Deputies in the ongoing 13th National Assembly on November 1 discussed ways to control corruption and the increasing number of juvenile crimes.

Most deputies agreed the fight against corruption has made progress, contributing to economic development and social order and security.

However, they agreed that the results of the fight still fail to meet voters’ expectations.

Deputy Truong Thi Yen Linh from the southernmost province of Ca Mau said many voters asked whether the anti-corruption fight had taken effect when the listing of assets held by officials or Party members - as an important anti-corruption tool - has yet to be transparently and publicly utilised.

More than 81 percent of people who are responsible for listing their assets and incomes at their offices have failed to do that, according to Deputy Nguyen Thi Phuc from Binh Thuan province.

She said corruption used to be predominant in the economic sector alone, but now has spread to other areas such as health and education. Many corruption cases have not been detected in time.

Some deputies suggested forming an independent anti-corruption agency.

Deputy Tran Dinh Nha from Thua Thien Hue province said this agency would focus on investigating corruption cases and its members would have the right to make important decisions.

Deputy Nguyen Xuan Phuc from Quang Nam province said more drastic measures should be taken in investigating and prosecuting corruption cases.

He shared with other deputies that people who are willing to come forward about incidents of corruption should be encouraged and protected.

Regarding preventing crime, most deputies expressed concern about the fact that juvenile offences have been increasing in both quantity and seriousness level.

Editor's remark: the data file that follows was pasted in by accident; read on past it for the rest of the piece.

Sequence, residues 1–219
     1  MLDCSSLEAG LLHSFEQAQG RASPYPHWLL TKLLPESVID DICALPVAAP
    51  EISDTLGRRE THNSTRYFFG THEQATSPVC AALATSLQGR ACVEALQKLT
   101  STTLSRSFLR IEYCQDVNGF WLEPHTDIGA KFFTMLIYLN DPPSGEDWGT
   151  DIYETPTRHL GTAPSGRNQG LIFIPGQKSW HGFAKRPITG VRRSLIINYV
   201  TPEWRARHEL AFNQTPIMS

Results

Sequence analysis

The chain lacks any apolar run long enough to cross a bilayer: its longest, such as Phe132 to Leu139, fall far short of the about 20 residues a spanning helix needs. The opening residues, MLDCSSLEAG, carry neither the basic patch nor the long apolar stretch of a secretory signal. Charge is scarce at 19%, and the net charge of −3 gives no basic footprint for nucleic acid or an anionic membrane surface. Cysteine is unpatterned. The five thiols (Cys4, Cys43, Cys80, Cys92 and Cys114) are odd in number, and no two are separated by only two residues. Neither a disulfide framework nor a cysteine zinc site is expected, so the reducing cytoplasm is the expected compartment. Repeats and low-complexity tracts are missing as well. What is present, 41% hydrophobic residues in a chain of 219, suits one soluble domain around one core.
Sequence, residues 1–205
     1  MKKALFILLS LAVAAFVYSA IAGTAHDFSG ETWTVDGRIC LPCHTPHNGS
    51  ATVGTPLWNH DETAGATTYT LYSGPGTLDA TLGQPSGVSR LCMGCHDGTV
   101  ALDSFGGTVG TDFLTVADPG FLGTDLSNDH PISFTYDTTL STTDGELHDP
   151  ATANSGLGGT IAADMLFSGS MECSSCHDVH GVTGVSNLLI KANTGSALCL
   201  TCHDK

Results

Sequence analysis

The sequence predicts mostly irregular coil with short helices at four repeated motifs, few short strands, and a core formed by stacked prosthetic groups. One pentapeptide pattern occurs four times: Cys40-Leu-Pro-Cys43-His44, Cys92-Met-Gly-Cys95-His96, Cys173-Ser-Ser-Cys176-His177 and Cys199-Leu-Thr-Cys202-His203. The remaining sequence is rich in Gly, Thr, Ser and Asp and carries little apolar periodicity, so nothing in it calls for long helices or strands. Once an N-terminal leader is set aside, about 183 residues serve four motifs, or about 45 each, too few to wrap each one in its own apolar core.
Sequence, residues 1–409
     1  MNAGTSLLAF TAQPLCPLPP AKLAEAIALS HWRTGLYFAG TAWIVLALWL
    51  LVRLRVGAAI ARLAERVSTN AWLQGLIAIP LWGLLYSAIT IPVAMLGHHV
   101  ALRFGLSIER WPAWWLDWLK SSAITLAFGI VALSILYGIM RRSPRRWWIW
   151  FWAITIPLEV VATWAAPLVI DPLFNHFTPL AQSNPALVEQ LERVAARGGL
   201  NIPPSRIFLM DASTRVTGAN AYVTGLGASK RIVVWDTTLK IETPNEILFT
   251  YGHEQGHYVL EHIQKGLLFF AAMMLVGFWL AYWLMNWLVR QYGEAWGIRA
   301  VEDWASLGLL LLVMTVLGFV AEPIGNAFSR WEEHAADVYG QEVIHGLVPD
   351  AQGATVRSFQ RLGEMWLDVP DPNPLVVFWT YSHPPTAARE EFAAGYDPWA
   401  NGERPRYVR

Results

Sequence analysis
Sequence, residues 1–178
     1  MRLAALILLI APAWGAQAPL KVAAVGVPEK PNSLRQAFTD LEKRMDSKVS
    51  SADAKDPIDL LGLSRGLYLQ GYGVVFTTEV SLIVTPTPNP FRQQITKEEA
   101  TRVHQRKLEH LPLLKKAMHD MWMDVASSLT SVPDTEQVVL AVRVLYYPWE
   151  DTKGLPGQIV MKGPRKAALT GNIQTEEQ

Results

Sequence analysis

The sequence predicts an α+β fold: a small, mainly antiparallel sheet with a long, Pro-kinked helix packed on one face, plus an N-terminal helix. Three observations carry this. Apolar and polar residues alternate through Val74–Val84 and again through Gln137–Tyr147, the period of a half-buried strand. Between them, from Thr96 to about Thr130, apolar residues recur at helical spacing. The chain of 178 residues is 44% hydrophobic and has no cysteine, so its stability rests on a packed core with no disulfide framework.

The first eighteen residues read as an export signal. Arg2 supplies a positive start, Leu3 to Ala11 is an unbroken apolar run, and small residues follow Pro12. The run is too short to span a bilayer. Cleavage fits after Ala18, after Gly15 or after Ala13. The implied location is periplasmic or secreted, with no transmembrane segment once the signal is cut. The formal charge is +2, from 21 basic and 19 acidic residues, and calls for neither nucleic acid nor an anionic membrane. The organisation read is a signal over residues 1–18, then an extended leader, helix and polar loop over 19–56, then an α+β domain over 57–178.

Deputy Ho Trong Ngu from Vinh Long province sad juvenile cases made up 18 percent of total arrests with nearly 18.000 young people brought in each year.

During the 2007-12 period, more than 40.000 criminal cases were investigated with the participation of 76,000 juveniles, although not all of them were brought into court.

Despite their youth, these criminals took part in serious cases such as murder, prostitution, drug smuggling, and violating laws in high technology and economic sectors, that caused major losses for people, he said.

Deputy Nguyen Thai Hoc from Phu Yen province agreed, saying juvenile using more complex technique to commit more sophisticated crimes.

A lack of morality education, unemployment and the availability of negative information on the Internet are the three main reasons for this spike in crime, according to the deputies.

The deputies also offered suggestions to put juvenile crime under control.

Among them, Deputy Ma Thi Thuy from Tuyen Quang province said schools, families and relevant authorities should work together to decrease juvenile crimes./.VNA